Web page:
# Quick Sort Algorithm with example | Step-by-Step Guide

Quick Sort Algorithm with example | Quick sort algorithm in data structure | Quick sort time complexity | Quick sort space complexity | Quick sort example | Quick sort in data structure | Quick sort program in data structure

**What is Quick Sort?**

Quick sort, also known as **partition-exchange sort**, is an in-place sorting algorithm.

It is a **divide-and-conquer algorithm** that works on the idea of selecting a pivot element and dividing the array into two subarrays around that pivot.

Every time a quick sort is performed, the selected pivot element is positioned in the appropriate location within the sorted array. By doing this, it is ensured that each pivot element is in the proper sorted position.

With each iteration of quick sort, the problem reduces by 2 steps making quick sort a faster way to sort an array.

One interesting thing to note here is that we can choose any element as our pivot, be it the first element, the last element, or any random element from the array.

💡Before Understanding sorting algo, First, solve the below problem that is the start of quick sort.

**✔️ Separate the elements in two partitions so that all elements smaller than x should be in the Left and all elements greater than x should be in the right position. It is not necessary that x is present in the array. x is just a partition point.**

```
Input = [4, 1, 0, 3, 9, 7, 6]
X = 4
Output = [1, 0, 3, 4, 9, 7, 6]
```

We will solve this problem using `two-pointer`

and` swapping techniques`

.

**First Pointer (i)** => It will run for all array elements. 0 to last index.

**Second Pointer (j**) => This pointer will also start from index 0. When the I th element is less than the X (given in the problem)**, **We will swap A[i] to A[j] and then only increase the j pointer to the next.

```
Input = [4, 1, 0, 3, 9, 7, 6]
X = 4
Start from i = 0 && j = 0
A[0] < X => 4 < 4 => NO => No swapping. Only Increase i by 1.
i = 1 && j = 0
A[1] < X => 1 < 4 => TRUE => Swap A[i] to A[j] and Increase J by 1.
[1, 4, 0, 3, 9, 7, 6]
i = 2 && j = 1
A[2] < X => 0 < 4 => TRUE. Swap A[2] to A[1] and increase j.
[1, 0, 4, 3, 9, 7, 6]
i = 3 && j = 2
A[3] < X => 3 < 4 => TRUE => Swap A[3] to A[2] and Increase j.
[1, 4, 3, 0, 9, 7, 6]
i = 4 && j = 3
A[4] < X => 9 < 4 => FALSE.
i = 5 && j = 3
A[5] < X => 7 < 6 => FALSE.
i = 6 && j = 3
A[6] < X => 6 < 4 => FALSE.
[1, 4, 3, 0, 9, 7, 6]
Now Ending For loop. We can see that 1 4 3 0 are together and 9 7 6 are together.
We were arranging smaller elements than 4 in left side. Now 4 will be swapped
with last smaller element and that is currently on jth value 3.
Swap X with A[j] => Swap 4 with A[3] => Swap 4 with 0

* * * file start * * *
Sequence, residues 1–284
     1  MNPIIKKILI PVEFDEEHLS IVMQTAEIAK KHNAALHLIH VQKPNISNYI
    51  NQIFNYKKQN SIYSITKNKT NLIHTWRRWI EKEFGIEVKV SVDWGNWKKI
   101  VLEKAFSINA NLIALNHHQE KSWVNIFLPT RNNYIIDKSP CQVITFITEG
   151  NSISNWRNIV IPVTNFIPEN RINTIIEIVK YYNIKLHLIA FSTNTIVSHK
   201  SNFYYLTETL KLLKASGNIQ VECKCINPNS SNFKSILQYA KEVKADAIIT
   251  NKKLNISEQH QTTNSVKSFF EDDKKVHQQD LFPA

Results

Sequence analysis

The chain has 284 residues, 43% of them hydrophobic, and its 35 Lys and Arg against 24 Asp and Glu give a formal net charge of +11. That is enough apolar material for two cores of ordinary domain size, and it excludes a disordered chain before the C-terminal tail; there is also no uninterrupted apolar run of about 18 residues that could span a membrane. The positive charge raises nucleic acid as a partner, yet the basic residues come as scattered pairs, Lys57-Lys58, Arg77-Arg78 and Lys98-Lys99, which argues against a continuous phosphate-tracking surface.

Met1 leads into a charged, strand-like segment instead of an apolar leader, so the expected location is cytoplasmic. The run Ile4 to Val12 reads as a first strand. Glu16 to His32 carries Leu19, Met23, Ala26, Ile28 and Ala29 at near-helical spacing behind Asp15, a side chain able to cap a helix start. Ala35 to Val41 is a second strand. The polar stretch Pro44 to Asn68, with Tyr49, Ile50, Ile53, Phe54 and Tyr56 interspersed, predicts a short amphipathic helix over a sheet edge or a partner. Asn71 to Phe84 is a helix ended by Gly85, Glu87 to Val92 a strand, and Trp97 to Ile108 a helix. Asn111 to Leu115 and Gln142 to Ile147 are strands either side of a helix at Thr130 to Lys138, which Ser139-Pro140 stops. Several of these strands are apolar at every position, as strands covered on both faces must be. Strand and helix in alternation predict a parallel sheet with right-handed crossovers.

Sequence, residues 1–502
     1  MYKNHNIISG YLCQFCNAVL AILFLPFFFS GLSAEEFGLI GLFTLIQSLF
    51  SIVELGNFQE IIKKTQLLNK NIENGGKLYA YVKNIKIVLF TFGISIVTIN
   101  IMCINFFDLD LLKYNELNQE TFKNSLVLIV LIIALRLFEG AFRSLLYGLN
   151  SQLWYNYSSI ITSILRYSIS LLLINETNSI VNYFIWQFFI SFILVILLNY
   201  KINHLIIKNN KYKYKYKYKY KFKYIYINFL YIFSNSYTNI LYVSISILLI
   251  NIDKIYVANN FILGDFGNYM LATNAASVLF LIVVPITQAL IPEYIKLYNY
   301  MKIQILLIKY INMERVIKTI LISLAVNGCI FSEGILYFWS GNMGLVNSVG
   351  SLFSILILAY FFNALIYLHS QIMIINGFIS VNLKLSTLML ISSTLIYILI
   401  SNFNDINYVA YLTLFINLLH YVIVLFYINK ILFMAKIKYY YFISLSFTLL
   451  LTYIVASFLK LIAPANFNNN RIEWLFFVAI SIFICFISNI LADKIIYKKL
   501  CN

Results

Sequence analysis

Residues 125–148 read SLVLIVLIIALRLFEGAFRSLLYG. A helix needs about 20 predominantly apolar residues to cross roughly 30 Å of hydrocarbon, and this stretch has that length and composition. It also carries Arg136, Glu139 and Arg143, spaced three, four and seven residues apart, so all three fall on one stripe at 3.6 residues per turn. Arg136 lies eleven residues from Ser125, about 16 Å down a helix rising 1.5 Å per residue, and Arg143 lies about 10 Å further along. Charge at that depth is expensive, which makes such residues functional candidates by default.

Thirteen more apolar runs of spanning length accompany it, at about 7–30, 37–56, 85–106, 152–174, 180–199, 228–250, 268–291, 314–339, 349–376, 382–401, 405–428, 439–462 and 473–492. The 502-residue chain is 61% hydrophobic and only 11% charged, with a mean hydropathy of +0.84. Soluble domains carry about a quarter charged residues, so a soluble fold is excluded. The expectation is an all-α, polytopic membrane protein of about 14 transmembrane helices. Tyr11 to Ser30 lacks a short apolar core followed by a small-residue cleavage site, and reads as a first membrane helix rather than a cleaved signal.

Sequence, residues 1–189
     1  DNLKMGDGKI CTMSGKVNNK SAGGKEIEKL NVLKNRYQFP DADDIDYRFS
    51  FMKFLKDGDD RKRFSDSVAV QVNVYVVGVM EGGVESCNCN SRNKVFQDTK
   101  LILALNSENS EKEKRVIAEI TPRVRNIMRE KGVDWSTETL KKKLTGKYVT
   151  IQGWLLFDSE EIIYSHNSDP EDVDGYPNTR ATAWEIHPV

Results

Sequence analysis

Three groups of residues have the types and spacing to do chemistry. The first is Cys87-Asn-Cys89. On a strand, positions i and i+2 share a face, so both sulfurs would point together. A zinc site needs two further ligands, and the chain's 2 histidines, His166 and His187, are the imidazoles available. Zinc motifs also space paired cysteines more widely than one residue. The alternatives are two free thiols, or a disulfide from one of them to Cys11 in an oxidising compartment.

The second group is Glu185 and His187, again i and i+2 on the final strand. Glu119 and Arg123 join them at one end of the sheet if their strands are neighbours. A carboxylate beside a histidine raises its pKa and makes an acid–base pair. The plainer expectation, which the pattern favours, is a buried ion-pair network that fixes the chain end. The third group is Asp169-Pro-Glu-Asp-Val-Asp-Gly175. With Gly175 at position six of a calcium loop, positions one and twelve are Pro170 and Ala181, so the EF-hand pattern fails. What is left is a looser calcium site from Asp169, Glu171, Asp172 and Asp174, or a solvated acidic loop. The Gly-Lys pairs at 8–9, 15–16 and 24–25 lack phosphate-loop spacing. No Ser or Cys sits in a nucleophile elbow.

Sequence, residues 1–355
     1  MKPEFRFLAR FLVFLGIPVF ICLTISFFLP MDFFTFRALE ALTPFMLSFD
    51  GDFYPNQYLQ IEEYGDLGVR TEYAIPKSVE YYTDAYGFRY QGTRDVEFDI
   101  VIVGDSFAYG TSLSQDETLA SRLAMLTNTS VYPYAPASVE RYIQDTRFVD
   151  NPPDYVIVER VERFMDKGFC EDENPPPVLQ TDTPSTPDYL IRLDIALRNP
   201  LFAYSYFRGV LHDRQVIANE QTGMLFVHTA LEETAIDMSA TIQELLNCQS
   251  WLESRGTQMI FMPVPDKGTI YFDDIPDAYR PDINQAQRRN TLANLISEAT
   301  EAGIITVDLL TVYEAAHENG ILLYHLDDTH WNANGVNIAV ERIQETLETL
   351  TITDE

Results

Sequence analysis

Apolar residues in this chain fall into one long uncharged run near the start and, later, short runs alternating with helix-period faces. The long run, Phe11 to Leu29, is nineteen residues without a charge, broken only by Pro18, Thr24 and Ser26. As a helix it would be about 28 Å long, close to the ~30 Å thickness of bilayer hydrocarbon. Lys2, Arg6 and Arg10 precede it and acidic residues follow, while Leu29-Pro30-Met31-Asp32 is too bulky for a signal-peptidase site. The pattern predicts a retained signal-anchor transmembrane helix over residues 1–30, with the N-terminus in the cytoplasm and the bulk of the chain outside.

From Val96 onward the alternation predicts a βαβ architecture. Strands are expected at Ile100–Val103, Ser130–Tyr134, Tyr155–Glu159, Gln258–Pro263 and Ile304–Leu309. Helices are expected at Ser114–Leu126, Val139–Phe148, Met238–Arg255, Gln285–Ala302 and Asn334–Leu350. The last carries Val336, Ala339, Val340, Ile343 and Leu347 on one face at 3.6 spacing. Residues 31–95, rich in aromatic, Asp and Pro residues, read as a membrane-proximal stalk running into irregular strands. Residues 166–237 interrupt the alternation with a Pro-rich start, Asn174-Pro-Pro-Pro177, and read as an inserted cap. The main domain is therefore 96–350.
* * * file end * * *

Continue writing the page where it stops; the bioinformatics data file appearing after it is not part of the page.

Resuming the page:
[1, 0, 3, 4, 9, 7, 6]
```

Time complexity – O(nlogn(n)) && Space complexity – O(n)

Quick Sort

```
function quickSort(A) {
function partition(A, start, end) {
let pivot = A[end]; // Generally we consider last element as Pivot
let j = start; // left pointer
// i < end not <= end. Because last element already taken as Pivot element.
for (let i = start; i < end; i++) {
if (A[i] < pivot) {
[A[j], A[i]] = [A[i], A[j]]; // swap when element is less then pivot element.
j++; // increase pointer
}
}
/*Now all smaller elements from pivot is in left side so position where
smaller elements ends that position will be of that pivot element. Thats why
simply swapping pivot element with last jth index. */
[A[j], A[end]] = [A[end], A[j]];
return j; // pivot index
}
function sort(A, start, end) {
if (start >= end) { // when single element remains in subproblem
return;
}
let pivotIndex = partition(A, start, end);
sort(A, start, pivotIndex - 1); // apply same partitions and swapping on Left side.
sort(A, pivotIndex + 1, end); // apply same partitions and swapping on Right side.
}
sort(A, 0, A.length - 1);
return A;
}
```

*More details https://www.scaler.com/topics/data-structures/quick-sort-algorithm/*

QuickSort Algorithm In JavaScript

Time & Space Complexity Of Quick sort

```
n
/ \
n/2 n/2
/ \ /\
n/4 n/4 n/4 n/4
/\ /\ /\ /\
n/8 n/8 n/8 n/8 n/8 n/8 n/8 n/8
.. .. .. ..
.. .. .. ..
```

At each step, n is divided by 2 and values are 2^1, 2^2, 2^3, 2 ^4……

So to reach 1, Suppose the steps required is k. It means we can write-

**n / 2^k = 1**

**k = log(n) base 2.**

log(n) is required for dividing an array into single elements.

Also, the time complexity of the **partition()** function would be equal to **O(n)**. This is because, under the function, we are iterating over the array to swap rearranging the array around the pivot element.

**So Total Time Complexity of the quick sort algorithm is O(nlogn).**

The **Space complexity** of quick sort is determined by the amount of recursion stack space needed. Because n recursive calls are made in the worst situation, **the space complexity is O(n)** in that scenario. Additionally, a quick sort algorithm’s **average space complexity is O(logn).**

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Quick Sort Algorithm with example | Quick sort algorithm in data structure | Quick sort time complexity | Quick sort space complexity | Quick sort example | Quick sort in data structure | Quick sort program in data structure

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